Over the last 2 years there has been a new river running through my veins. It started like a trickling stream, grew from a canoe-able river to a white-water-rapid, and now it has unleashed itself into a sea. It has consumed me, it is my source of life and freedom, it is my existence in the world. This stream, turned river, and now sea I call “community”. The culture of “I” has been replaced by the tsunami wave of “We”. As a “We” the possibilities are endless! And, as the ocean connects us all, I have once again been reminded of the boundless beauty and power of “We”, of “Community”, during my time aboard Sea Dragon with the eXXpedition girls.

I moved onto Mi Corazon, a 28 ft sail boat docked in San Diego, 6 years ago to learn how to be alone, how to be at peace with myself in the silence, how to not need others and to be free from dependency. Now I find myself in a new place in life, on a new boat (Sea Dragon) with a crew of 12 women, and not ever alone. We cook, sail, sleep, learn, conduct science, get sea sick, eat together and even bath together in the sea. The eXXpedition girls come from all different cultures, religions, backgrounds, educations, occupations, life styles, ages, goals, and levels of dependencies on caffeine…more things different than similar it may seem. But we are blind to all these differences when on the sea together. The Sea is the blanket that comforts us all, that humbles us all, that inspires us all. It is our universal language of love.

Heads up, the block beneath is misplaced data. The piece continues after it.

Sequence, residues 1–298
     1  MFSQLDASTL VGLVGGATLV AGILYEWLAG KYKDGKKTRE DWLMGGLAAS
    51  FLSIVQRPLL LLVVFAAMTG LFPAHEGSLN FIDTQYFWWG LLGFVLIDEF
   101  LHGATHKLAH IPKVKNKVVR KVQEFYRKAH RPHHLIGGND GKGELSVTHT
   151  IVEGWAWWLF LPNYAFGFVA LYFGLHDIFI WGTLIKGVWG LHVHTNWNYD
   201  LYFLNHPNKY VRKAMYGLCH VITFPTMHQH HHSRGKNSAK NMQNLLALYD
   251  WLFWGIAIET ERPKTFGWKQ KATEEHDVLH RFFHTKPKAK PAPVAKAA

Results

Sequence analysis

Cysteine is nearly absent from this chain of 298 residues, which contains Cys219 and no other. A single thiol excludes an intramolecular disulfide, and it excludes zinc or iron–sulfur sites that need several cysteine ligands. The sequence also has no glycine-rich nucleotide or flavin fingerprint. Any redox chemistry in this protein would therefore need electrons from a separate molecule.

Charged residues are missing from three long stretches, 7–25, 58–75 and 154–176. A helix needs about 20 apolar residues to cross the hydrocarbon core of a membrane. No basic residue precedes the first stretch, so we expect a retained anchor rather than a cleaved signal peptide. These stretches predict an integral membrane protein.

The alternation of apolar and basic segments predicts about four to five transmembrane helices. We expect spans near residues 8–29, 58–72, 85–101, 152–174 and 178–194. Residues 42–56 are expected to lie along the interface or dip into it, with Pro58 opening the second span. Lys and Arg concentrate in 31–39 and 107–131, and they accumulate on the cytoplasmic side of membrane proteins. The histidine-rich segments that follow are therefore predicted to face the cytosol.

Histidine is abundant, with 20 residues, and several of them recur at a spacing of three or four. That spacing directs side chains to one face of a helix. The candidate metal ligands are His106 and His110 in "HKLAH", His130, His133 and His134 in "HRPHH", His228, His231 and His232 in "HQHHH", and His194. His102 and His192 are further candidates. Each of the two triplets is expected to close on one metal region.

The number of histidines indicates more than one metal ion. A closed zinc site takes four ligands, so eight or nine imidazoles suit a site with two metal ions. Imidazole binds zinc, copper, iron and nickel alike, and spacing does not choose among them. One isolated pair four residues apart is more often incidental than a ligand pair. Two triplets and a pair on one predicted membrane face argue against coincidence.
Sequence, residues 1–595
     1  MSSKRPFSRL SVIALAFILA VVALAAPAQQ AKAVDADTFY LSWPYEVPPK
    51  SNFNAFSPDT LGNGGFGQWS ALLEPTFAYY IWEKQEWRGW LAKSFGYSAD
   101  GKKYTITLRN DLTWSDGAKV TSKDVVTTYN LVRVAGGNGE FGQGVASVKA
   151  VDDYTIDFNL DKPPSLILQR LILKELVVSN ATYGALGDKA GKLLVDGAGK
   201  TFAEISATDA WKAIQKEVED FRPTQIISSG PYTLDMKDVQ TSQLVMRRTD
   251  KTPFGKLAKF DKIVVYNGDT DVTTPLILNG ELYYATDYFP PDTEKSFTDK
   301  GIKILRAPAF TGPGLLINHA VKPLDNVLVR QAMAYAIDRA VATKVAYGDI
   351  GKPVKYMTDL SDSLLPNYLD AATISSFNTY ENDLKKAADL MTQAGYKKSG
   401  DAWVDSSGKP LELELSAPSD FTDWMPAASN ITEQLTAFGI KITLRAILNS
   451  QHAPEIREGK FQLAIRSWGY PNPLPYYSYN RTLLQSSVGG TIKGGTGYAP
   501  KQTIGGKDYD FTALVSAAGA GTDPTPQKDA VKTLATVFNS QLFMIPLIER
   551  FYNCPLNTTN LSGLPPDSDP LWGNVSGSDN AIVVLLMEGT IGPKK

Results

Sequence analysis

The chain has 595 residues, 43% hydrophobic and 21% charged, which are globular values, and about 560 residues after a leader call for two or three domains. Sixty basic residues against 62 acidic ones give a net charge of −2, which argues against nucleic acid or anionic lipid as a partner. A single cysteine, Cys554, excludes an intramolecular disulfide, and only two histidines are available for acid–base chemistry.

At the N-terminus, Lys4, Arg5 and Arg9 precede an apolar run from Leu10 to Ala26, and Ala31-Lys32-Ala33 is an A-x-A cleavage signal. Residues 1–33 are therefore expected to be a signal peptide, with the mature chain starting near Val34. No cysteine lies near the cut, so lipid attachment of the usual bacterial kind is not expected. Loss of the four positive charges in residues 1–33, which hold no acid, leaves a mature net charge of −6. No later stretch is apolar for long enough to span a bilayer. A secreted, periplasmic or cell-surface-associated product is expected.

Our time together is only 10 days at sea, but over these 10 days at sea each of our individual life journeys have intersected, and because of these 10 days at sea our understanding of self in the world has expanded, and after these 10 days at sea we are no longer alone on our journey, we are a community of women united in our mission to share what we love….to let the unseen be seen!

And today we shared what we love; We embraced our inner mermaid-child as we jumped into the deep aqua blue sea to rinse off the sun, wind, and sargassum (which I think should be called sarcasm) from the last 2 days of conducting science while sailing the High Caribbean seas.

by Natalie Small